Urban Freight Lab research discovered that half of the trucks making deliveries in downtown Seattle were forced to park in unauthorized spots or double-park on busy streets. Anne Goodchild, one of Ivanov’s colleagues and founding director of UW’s Supply Chain Transportation and Logistics Center, also found that 80 to 90 percent of the time delivery drivers spend working is on foot, tracking down absent apartment dwellers and locating the right office. Cutting dwell time and delivery frequency have become the biggest challenges for carriers today.

Proper ticketing, and discouraging delivery drivers from lingering in the wrong part of the street, would seem to be a simple solution. But that’s too simplistic, says Ivanov, dealing with a symptom instead of the overall health of the urban transportation network.

“Some cities and elected officials take the position that they’re going to enforce the hell out of the laws and ticket drivers and they’ll behave,” she says. “But you don’t see that changing their behavior. That doesn’t change the fact that they need an hour to do all the deliveries for an 80-story tower.”

In short, the infrastructure to send the packages—online shopping, huge logistics networks of warehouses and trucks, and local delivery drivers—is well-established, well-maintained, and poised to continue growing. The infrastructure to receive the packages needs a lot of work, and a lot more analysis. Currently, between meal delivery and online shopping, a hugely complex logistics infrastructure has spring up in less than a decade, one that is barely tracked by cities trying to reduce traffic.

Delivering solutions

Improving the urban freight system requires work on many levels. As Goodchild told Curbed, cities laid out transit maps and plans before the boom in online shopping. When the Urban Freight Lab mapped out Seattle’s delivery system, including alleyways, it discovered it was the only city in the U.S. or the EU that had created such a comprehensive resource for planners.

“It’s like a transit system where you didn’t plan for the bus stops,” she says.

Cities can start by tackling the issue at the curb. Creating more holistic designs for roadways, like adding more curb cuts (graded ramps between the sidewalk and the street) and larger loading zones, to make it easier for delivery drivers to find space and access buildings without impeding other road users.

Holguín-Veras also argues that cities should not just mandate where, but when, deliveries happen. Staggering delivery hours, or time-shifting when trucks make drop-off, can significantly cut down on parking problem and congestion.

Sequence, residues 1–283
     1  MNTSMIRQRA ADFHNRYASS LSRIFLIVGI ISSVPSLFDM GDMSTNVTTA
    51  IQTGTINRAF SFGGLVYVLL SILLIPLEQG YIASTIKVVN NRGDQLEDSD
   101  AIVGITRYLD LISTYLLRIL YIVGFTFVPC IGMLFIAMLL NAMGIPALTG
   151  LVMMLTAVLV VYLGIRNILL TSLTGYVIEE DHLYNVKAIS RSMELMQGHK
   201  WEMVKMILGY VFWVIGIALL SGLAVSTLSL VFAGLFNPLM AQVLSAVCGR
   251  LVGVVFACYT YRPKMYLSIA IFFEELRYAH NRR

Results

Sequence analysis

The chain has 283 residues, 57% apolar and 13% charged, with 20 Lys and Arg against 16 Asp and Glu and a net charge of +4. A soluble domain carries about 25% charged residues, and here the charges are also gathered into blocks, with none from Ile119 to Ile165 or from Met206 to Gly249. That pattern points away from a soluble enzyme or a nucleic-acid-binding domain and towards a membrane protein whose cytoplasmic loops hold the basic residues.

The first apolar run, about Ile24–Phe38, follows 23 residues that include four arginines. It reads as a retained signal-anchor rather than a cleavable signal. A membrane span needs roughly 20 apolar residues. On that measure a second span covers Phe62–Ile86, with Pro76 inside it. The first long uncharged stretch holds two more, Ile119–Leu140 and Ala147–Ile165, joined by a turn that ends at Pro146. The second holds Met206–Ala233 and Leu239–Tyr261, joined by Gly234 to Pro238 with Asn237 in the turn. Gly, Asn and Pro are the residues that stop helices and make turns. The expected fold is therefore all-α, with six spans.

Another solution seeks to cut down the number of stops with public lockers. While Amazon and other companies have built impressive networks of retailer-specific lockers and curbside pickup options, a truly public locker, accessible by all, would not only cut down on the time delivery drivers spend out of their trucks, but eliminate problems with porch piracy.

Recently, the Urban Freight Lab has been testing out its public locker system in Seattle high-rises. According to Ivanov, a study found using the lockers cuts down on the time UPS spends in a 64-story tower by 70 percent. The Lab is about to kick-off a larger trial in Seattle’s downtown, using a $1.5 million dollar grant to set up a public locker system, targeting transit stops to make it easier to pick up deliveries on the go.

Finally, in addition to shrinking delays and drop-offs, some carriers want to shrink delivery vehicles. In Seattle and Pittsburgh, Pennsylvania, UPS is testing how modified electric bikes with 400-pound payloads may help speed-up deliveries in dense neighborhoods, an idea that’s already being tried by the company in Europe since 2012. UPS may expand this across the country if it shows promise, according to spokesperson Kristen Petrella.

One of the great selling points of online shopping has been more immediate satisfaction while saving time and effort. The dramatic increase in urban freight traffic, as well as environmental side effects of e-commerce, have burst that bubble. But with better planning, and multiparty effort, the cascade of cardboard boxes can be contained.

“Freight doesn’t appear to exist in urban planning, and that’s a problem,” Goodchild told Curbed. “Most people look at public transit and mobility, but they don’t appear to be living in a physical world. How can they plan complete streets when the words ‘freight delivery’ [aren’t] used?”